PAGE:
The White House has no expertise in the area of military management of operations. The Old Fool has demonstrated that he is not capable of assimilating complex details of anything beyond bumper-sticker simplicity, and he has no one on his personal staff that is any better qualified. Bannon has some military experience, but nothing in the area of foreign policy or Middle Eastern affairs. No one else comes close. Most of the Whitehouse staff positions that existed under Obama remain unfilled – and deliberately so.
The State Department under Secretary Tillerson has been severely hampered in carrying out its responsibilities by the lack of resources. The entire top-tier level of the department was either fired or resigned when Trump took office, and none of the major positions have been filled. Tillerson’s attempt to secure an experienced deputy of his choosing was derailed by Whitehouse infighting or intervention. The department’s critical positions of both deputy secretaries, all six undersecretaries, and most of the assistant secretaries remain empty. Tillerson is apparently operating the entire Department with little more than his personal staff.
This means that the U.S. involvement in the Middle East is now essentially under military control of the Pentagon and without civilian oversight. Under General Mattis’s direction, operational control of military operations below policy level has been moved forward to Central Command, and from there to subordinate units as required. The immediate result has been easier and faster airstrike and ground response. However, while there has been no change in the rules of engagement or in the requirement for consideration of civilian casualties in operational planning, there has also been a dramatic increase in the number of civilian casualties being suffered in the areas of U.S. involvement. While under the existing military conditions, the military defeat of ISIS seems inevitable, ISIS keeps evolving and the tactical considerations keep changing. The military, political and diplomatic complexities boggle.
Does history repeat itself? Reliance upon the generals was what got us up to our collective necks in Viet Nam. Secretary of Defense McNamara and President Johnson both admitted long ago that they abdicated their responsibility of civilian oversight and allowed the generals to hold sway over both military and policy decisions in Viet Nam, and that this was a huge mistake.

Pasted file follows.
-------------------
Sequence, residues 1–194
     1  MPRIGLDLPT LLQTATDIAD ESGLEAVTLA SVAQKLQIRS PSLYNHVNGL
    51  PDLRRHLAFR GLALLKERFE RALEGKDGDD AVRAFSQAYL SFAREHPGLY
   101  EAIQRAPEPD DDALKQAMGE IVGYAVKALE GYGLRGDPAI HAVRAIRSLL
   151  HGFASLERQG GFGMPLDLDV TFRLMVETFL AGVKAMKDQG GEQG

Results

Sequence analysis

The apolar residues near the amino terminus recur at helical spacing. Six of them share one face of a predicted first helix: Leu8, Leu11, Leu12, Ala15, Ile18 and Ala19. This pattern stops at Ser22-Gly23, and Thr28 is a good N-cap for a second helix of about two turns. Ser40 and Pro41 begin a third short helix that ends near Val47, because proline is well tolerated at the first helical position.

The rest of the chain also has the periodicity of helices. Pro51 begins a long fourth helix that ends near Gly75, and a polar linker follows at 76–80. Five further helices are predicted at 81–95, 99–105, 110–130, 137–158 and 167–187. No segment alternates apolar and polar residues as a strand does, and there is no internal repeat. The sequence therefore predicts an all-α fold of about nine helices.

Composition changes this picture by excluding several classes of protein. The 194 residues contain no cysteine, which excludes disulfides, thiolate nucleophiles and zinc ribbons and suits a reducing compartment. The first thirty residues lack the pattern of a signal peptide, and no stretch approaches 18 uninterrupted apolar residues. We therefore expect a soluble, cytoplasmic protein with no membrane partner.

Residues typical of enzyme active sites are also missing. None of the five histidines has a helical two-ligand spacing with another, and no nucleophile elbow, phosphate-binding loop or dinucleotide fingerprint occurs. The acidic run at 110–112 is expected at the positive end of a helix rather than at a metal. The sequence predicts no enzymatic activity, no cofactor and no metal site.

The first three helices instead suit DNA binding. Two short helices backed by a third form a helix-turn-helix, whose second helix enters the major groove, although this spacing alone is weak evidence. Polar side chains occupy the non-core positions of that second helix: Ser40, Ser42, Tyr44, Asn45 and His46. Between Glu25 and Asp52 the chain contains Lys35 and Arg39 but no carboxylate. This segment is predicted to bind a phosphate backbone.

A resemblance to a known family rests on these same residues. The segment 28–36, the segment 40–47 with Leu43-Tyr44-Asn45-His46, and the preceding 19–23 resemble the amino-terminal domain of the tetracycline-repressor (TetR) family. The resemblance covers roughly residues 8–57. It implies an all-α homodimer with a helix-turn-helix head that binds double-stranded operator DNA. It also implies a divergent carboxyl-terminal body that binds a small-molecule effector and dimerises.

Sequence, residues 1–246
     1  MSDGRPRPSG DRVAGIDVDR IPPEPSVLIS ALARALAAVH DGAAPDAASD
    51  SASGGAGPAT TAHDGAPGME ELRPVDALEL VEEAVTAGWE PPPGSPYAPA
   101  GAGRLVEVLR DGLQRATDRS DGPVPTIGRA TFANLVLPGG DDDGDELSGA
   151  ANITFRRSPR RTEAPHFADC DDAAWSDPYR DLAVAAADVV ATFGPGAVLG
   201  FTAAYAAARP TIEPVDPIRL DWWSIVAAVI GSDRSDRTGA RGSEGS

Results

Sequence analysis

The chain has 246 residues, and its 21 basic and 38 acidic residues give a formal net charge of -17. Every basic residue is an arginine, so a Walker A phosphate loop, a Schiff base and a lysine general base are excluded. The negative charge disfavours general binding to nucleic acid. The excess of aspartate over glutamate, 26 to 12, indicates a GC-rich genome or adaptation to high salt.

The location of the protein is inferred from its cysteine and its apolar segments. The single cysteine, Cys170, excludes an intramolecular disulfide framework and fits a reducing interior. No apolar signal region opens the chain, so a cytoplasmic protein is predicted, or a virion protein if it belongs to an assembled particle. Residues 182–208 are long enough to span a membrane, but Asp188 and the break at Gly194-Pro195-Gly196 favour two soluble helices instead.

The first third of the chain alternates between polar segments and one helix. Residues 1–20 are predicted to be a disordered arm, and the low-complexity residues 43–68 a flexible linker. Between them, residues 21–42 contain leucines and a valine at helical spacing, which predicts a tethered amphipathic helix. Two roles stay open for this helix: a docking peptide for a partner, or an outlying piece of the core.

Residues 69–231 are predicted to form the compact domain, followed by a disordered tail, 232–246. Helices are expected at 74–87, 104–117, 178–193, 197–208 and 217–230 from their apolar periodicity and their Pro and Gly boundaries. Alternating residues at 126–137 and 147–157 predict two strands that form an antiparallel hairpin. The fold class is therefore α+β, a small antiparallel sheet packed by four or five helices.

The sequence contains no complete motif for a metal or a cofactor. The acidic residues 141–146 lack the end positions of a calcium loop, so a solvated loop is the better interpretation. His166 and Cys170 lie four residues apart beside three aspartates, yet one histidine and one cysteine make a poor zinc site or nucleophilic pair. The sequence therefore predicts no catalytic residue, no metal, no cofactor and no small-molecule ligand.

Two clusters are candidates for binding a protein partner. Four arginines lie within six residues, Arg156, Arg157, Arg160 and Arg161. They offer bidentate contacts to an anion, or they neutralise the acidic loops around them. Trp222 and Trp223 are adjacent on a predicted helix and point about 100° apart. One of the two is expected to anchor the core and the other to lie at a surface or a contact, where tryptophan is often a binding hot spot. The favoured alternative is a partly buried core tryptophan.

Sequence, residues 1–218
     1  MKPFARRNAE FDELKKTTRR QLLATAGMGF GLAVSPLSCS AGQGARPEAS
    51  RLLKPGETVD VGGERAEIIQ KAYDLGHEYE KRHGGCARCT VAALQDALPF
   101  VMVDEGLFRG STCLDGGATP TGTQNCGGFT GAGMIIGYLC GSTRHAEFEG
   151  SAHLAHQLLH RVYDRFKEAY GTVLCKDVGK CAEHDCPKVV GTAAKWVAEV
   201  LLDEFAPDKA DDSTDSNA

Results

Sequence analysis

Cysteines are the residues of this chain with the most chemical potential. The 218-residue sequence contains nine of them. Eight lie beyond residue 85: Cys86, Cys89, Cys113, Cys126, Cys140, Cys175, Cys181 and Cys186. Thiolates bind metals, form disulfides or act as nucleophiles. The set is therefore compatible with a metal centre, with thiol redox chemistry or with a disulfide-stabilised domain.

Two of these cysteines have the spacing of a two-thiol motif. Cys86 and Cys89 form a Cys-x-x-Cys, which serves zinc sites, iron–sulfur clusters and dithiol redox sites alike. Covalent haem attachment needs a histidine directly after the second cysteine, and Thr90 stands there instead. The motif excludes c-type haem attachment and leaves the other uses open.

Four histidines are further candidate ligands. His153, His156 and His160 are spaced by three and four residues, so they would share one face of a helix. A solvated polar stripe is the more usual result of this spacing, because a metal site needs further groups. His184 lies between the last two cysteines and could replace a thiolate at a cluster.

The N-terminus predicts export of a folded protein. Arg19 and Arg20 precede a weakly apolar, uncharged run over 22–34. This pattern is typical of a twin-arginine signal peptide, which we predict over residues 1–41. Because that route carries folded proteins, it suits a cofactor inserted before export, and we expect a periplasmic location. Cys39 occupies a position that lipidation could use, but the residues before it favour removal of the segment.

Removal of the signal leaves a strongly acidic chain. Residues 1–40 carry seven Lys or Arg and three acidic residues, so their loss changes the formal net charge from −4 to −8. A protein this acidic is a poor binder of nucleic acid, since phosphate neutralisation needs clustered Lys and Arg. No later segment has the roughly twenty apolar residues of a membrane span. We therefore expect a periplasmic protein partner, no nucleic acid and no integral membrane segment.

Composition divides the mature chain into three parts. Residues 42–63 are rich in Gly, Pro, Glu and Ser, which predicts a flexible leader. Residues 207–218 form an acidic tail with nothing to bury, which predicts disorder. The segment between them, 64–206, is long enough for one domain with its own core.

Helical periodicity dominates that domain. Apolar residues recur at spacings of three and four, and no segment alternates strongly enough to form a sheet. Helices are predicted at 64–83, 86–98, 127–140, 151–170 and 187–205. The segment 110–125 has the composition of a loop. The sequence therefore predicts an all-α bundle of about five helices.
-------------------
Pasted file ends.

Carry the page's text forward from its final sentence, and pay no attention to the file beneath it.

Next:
I do not question the capabilities or motivations of General Mattis and the military command out of the Pentagon. I have no doubt that Mattis firmly believes he has the best interests of the nation at heart. But there is truth to the adage, “Where the only tool is a hammer, all the problems become nails.”
History teaches that it is essential that there be broad policy oversight from the civilian perspective to counterbalance the military point of view. It is essential that all the tools available be out of the box and included in the planning and implementation of policy. As it stands, this important civilian counterbalance appears to be missing in the oversight structure in place over operations in the Middle East at this time. The Whitehouse does not have the capacity or capability and the Department of State does not have the resources to monitor the developing situation effectively.
The numbers are relatively small today – just as they were in Viet Nam in the middle 1960’s. But surely we recall how quickly those numbers accelerated.
What could possibly go wrong?